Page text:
By Heidi Simmons
If you are not familiar with author Denis Johnson, you should be. He is one of America’s great literary talents. Johnson writes far beyond character, place and story. His genius is his ability to convey unsaid information. He allows the reader the freedom to engage and interpret the emotion and friction at their discretion. His prose come to life and live on the page as if they always existed, and he has, without judgment or opinion, simply recorded the events for posterity.
Johnson is a poet, novelist and play write. So far, he has written nine works of fiction. In 2007, his novel Tree of Smoke (Farrar, Strause & Giroux, 614 pages) won the National Book Award. He is a graduate of the prestigious Iowa Writers’ Workshop. Two of Johnson’s shorter works, Train Dreams and Jesus’ Son are arguably his best.
Train Dreams (Picador, 116 pages) is about Robert Grainier, a hardworking frontiersman, who harvests lumber and builds train trestles with a railroad gang at the turn of the 20th century. Working around Idaho’s panhandle, Grainier struggles to make a life in a challenging, difficult world filled with tragedy and obstacles. His character is simple, uncomplicated and sincere. But for a novella, Train Dreams feels like an epic tale.
Early on the narrator says about Grainier’s experience on the Eleven-Mile Cutoff railway: “made him hungry to be around other such massive undertakings, where swarms of men did away with portions of the forest and assembled structures as big as anything going, knitting massive wooden trestles in the air of impassable chasms, always bigger, longer deeper.”
Johnson tells Granier’s story like a parable. It is a passing world that exists like a dream. The third person narration enhances Grainier’s lonesome life in the American wilderness. When the reader is informed that Grainier died in 1960, we realize Grainier must have lived several different realities over the decades during the rapid industrialization of the country.
Train Dreams is not about trains, but the railroad is the backdrop of Grainier’s life. As a Canadian orphan, young Grainier arrives alone in Idaho on a train with a note pinned to his shirt. He is haunted by the sad lament of a train whistle as it echoes through the canyon near his cabin, the very place where a forest fire destroyed his home and family. The powerful locomotive is a reminder of the unstoppable growth of a changing landscape and nation.
Train Dreams was first published in The Paris Review, 2002. It was released in hardcover last year, and is now in paperback.
Jesus’ Son (Harper Perennial, 160 pages) is Johnson’s only collection of short stories. There are 11 tales, each told by the same narrator in the first person. They are episodic events in the narrator’s life and the lives of those around him. It is a fragmented glimpse into the world of the dispossessed and marginalized members of our society — especially those who indulge in drugs, fail to maintain sobriety and struggle to make a buck.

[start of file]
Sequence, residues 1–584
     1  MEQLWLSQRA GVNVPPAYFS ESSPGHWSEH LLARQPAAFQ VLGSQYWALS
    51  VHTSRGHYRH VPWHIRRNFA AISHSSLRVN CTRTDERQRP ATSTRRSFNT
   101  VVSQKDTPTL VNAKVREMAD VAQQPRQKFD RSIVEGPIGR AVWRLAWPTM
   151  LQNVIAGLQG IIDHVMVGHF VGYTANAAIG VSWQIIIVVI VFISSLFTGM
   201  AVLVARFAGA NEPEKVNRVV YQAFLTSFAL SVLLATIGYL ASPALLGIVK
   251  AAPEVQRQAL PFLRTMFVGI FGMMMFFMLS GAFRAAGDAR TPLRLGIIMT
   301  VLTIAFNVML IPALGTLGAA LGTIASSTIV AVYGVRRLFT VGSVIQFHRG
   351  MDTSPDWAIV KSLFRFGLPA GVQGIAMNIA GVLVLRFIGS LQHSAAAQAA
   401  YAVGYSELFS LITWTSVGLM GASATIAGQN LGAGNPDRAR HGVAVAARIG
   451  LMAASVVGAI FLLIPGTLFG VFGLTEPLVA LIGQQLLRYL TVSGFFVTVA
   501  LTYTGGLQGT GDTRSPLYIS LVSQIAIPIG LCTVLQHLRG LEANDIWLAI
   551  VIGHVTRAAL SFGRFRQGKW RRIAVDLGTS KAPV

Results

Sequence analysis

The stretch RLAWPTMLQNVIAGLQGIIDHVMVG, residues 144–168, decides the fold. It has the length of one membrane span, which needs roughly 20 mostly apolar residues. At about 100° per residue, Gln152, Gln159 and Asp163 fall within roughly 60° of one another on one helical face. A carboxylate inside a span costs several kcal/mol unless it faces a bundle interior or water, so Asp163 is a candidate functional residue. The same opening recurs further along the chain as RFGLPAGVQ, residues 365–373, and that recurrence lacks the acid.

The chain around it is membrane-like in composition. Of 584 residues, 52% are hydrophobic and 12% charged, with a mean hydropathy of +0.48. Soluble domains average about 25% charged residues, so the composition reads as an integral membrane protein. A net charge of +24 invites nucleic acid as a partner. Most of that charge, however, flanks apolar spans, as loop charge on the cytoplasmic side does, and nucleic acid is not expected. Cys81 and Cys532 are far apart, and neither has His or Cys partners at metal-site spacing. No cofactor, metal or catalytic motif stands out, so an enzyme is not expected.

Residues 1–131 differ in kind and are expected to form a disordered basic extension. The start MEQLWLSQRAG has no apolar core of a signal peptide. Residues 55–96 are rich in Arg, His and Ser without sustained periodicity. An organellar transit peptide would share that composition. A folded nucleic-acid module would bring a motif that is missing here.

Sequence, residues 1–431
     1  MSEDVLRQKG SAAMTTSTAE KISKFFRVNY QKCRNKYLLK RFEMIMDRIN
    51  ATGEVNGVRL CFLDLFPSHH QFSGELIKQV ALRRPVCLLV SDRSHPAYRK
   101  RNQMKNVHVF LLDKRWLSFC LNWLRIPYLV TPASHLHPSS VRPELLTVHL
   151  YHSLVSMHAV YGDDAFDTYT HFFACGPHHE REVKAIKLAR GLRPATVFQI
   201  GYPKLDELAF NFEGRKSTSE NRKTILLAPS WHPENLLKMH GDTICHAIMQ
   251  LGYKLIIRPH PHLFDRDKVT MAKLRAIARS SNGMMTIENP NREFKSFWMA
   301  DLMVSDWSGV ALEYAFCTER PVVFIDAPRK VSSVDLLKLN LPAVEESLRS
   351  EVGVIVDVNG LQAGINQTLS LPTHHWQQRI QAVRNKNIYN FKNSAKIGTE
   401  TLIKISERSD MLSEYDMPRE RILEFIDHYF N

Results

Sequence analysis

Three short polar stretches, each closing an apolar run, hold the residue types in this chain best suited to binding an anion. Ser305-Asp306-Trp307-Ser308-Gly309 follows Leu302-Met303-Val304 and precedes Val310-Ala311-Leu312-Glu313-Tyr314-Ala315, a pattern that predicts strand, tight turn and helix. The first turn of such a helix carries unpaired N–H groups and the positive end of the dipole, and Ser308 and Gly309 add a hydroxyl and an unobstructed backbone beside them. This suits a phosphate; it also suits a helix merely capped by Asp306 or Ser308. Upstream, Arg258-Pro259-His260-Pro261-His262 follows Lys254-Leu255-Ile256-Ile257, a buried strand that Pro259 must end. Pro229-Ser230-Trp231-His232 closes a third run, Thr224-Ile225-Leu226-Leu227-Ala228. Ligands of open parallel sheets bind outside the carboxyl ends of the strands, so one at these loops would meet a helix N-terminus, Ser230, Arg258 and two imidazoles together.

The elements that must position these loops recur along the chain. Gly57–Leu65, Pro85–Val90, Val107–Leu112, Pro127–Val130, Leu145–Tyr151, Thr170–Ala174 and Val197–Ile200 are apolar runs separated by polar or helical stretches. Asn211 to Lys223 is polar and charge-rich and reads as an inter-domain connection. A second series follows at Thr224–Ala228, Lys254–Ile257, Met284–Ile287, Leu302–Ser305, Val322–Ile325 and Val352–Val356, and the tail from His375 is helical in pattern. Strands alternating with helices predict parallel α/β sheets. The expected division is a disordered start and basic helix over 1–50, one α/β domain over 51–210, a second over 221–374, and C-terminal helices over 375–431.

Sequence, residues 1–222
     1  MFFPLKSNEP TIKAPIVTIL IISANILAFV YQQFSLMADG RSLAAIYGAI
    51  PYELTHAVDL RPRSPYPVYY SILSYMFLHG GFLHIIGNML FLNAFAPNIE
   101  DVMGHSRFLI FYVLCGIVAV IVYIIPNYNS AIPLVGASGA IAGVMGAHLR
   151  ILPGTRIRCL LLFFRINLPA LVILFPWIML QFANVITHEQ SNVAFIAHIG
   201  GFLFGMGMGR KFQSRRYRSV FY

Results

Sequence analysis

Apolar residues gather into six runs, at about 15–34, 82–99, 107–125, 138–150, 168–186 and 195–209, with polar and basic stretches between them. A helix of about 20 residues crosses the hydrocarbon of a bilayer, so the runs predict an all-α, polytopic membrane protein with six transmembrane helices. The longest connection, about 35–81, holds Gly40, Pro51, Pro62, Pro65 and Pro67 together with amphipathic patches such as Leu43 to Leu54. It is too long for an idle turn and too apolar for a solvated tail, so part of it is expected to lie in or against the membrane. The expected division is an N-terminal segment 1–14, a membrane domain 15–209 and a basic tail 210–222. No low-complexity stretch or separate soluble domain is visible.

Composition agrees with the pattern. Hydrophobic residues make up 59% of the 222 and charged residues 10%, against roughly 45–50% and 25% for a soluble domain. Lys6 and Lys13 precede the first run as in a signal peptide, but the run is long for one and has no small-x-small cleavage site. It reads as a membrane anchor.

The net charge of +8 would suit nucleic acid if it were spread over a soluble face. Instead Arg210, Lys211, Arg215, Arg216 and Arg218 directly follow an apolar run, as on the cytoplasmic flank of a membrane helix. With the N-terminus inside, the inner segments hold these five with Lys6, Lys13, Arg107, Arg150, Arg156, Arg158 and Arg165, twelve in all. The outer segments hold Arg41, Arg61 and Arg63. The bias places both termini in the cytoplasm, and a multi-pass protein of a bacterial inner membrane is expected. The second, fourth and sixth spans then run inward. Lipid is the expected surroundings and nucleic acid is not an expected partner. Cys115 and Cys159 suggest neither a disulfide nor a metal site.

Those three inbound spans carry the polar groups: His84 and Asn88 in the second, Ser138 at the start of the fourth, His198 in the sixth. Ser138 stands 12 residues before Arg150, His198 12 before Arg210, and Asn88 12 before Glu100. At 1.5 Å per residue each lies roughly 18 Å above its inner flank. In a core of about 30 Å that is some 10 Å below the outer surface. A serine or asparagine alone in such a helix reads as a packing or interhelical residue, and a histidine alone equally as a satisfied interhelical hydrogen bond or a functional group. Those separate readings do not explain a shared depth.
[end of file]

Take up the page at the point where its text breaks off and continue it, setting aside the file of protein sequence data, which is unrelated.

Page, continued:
Johnson’s writing is reminiscent of Raymond Carver and Charles Bukowsky. It is gritty, rife with fringe characters who are mostly up to no good. They are people who don’t know that they don’t know. Broken, damaged and unlucky, these are folks who have few moments when they are charming, kind and sincere. Adroitly, Johnson gets the reader to empathize with the narrator’s pathology as the character fights to transcend his world and find redemption.
Although we root and hope for his recovery, we sense that ultimately he is doomed:
“Sometimes I heard voices muttering in my head, and a lot of the time the world seemed to smolder around the edges. But I was in a little better physical shape every day, I was getting my looks back, and my spirits were rising, and this was all in all a happy time for me. All these weirdos, and me getting a little better right in the midst of them. I had never known, never even imagined for a heartbeat, that there might be a place for people like us.”
The title, Jesus’ Son is a line from Lou Reed’s song “Heroin.” The title is nowhere in the text. Reed’s lyrics begin: “I don’t know just where I’m going/ but I’m going to try for the kingdom, if I can/ ‘cause it makes me feel like a man.” Maybe Johnson’s point is that we are all trying for the “kingdom.” That we are all part of the grand human experience and desire to leave a mark in this world — some residue of our existence.
Train Dreams and Jesus’ Son are books you can read in one sitting. Johnson is a minimalist. There is nothing over-written in these stories that linger. It is rare when a book helps us reconsider the world around us: the people, our place in time and our humanity. Both books are worth considering for easy, but memorable, summer reading.